BABT12: Sneak Away with Your Kid(s)

Posted on: Friday, October 23rd, 2009
Posted in: SoulTrain, Blog | Leave a comment


photo by Kirk Horsted

Last week my kiddos had a short week of school because of some teacher work/shirk days… Breaks like this are great, but they also present challenges: How do parents work? How do kids stay entertained? How can we take advantage of the extra long weekend? When I offered to take my 12-year old son on an overnighter to Lanesboro—a quaint nearby river town—I was pleasantly surprised by his enthusiastic “Yes! Let’s go!” And so we did.

We were gone only about 25 hours, yet if felt like a bona fide BreakAway. Why? Because it was just the two of us. Because Lanesboro was truly charming and full of friendly folks. Because we spoiled ourselves. Because we needed a break!

So I dedicate this week’s BreakAway BreakThrough post to all parents: Make time to hang out with your kids. While they’re still kids. You’ll feel younger yourself, discover what wonderful creatures you’ve created, and be reminded of all the (right) reasons you had children in the first place.

BABT12:11 Ways to Enjoy a Mini-BreakAway with Your Son

  • Drive in silence and let him read an entire book—Jaws!
  • Talk about the differences between small towns and big-city life.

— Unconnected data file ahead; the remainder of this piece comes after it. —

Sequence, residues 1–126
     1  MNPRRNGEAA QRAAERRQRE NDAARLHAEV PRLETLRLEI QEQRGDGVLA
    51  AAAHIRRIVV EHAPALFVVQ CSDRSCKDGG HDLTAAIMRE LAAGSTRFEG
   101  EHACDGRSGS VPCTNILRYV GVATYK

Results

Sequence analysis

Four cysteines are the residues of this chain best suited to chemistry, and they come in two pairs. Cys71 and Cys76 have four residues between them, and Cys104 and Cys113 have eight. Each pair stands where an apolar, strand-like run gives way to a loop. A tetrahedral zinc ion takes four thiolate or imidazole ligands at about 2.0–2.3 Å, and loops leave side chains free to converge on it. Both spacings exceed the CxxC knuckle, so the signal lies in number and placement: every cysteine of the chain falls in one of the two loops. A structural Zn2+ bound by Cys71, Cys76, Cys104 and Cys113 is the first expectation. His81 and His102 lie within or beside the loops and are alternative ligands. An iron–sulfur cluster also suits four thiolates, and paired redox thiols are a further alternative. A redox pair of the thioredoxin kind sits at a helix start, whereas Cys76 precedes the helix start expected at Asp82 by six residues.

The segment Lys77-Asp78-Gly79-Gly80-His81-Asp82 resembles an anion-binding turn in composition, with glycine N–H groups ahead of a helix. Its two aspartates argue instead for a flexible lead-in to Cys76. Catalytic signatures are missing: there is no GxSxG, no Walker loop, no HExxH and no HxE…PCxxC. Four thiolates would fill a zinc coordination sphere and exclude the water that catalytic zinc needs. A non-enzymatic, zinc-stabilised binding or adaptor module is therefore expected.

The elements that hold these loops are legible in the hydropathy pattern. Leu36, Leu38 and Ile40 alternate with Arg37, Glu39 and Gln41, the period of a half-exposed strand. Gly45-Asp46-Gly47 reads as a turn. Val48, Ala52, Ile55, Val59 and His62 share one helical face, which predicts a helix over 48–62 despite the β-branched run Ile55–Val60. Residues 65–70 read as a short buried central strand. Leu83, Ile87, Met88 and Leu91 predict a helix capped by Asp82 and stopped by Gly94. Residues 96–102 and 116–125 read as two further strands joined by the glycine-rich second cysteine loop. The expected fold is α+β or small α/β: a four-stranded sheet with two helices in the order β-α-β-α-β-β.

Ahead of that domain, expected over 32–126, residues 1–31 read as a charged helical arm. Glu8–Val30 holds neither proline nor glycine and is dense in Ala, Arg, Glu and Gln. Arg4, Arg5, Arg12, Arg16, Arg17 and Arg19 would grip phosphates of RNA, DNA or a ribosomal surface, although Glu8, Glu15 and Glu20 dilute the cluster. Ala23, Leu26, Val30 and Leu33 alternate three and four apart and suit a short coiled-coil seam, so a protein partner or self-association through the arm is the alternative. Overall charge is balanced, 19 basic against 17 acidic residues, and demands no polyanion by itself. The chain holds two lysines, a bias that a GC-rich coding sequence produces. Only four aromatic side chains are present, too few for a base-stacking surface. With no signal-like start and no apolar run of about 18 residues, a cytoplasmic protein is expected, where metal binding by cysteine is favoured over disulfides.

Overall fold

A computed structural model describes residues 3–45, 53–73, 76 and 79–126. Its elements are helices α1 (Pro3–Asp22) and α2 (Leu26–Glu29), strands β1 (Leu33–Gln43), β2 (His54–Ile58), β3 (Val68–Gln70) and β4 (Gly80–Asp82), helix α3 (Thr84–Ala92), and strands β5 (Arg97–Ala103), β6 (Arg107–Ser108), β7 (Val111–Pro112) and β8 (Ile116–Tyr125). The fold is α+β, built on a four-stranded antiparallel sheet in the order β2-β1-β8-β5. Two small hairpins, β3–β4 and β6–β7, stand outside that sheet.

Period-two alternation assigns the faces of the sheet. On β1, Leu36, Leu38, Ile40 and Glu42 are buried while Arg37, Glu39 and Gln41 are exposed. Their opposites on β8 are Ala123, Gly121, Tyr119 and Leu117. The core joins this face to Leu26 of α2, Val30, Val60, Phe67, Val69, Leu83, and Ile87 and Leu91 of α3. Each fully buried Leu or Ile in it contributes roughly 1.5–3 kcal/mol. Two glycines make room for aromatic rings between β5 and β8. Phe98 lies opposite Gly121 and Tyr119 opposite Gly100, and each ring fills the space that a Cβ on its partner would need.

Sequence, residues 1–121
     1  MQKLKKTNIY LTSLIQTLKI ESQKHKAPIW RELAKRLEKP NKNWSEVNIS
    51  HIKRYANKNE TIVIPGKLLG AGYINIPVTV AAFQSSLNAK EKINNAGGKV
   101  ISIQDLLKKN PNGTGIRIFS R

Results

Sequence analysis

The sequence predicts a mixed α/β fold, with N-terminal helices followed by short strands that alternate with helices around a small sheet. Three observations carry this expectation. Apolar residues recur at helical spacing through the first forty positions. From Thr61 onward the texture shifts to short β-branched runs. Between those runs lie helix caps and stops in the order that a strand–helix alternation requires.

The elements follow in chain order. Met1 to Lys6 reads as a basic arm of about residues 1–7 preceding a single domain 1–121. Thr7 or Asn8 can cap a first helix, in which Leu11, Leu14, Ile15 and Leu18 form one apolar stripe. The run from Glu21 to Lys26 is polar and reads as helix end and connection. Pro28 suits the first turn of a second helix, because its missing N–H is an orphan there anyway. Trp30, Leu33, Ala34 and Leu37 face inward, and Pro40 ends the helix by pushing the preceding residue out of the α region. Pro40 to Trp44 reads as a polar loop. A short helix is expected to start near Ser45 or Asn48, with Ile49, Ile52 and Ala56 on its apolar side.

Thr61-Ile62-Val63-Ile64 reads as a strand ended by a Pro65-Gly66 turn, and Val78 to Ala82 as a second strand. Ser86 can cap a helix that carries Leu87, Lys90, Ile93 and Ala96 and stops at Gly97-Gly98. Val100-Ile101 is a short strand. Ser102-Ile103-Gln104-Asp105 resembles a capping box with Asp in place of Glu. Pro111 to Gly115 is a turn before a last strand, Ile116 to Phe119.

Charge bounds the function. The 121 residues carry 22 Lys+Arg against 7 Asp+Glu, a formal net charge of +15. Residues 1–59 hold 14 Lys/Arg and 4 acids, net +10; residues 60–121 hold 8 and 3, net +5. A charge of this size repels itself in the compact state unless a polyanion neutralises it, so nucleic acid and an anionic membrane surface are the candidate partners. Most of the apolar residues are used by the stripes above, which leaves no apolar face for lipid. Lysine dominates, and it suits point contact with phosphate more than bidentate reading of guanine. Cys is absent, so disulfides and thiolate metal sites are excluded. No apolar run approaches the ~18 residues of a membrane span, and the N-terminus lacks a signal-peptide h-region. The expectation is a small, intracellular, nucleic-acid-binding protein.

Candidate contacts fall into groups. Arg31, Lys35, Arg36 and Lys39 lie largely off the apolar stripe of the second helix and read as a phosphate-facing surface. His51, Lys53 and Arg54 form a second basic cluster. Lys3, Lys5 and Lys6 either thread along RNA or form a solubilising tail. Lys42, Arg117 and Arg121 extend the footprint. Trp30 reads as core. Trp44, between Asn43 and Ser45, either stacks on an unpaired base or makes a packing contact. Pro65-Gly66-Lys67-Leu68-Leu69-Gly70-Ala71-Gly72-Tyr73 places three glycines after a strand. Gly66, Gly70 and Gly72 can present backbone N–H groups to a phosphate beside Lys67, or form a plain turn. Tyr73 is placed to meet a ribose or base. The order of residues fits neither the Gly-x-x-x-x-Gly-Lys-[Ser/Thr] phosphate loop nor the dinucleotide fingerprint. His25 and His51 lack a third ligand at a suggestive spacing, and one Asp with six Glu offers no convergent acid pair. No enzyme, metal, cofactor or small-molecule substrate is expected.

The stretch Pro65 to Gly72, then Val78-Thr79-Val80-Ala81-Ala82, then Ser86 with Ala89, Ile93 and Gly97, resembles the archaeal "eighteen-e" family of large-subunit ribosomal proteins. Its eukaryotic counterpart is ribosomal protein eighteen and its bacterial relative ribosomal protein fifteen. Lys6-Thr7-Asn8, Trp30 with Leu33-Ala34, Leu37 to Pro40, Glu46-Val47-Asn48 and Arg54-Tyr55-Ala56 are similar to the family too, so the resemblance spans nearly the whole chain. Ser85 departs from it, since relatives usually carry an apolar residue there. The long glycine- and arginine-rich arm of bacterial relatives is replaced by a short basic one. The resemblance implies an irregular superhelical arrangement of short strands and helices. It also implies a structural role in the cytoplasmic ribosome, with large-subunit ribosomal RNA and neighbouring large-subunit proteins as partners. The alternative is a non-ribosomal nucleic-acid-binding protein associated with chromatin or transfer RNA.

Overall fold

• Point out antiques, farm life and natural beauty.
  • Walk around town with no particular place to go.
  • Peruse the gift shops to buy little somethings for Mom and Sister.
  • Take happy hour at the American Legion and let him have extra popcorn & soda.
  • Enjoy not one—but two—long, luxurious Jacuzzis.
  • Dine at a funky, hippie eatery.
  • Turn him on to great “old” music (e.g. CSNY) and show him an excellent but challenging movie (The Red Violin).
  • Stay up late, sleep in late, and eat a big messy breakfast.
  • Drive home through driving rain while blasting music, snacking and reminiscing.

The crazy-busy lives we lead may present cumbersome obstacles to taking big sabbaticals. But hey: Everybody can sneak in an over-nighter now and then, right? Your child will thank you. And you’ll get rich — with memories.

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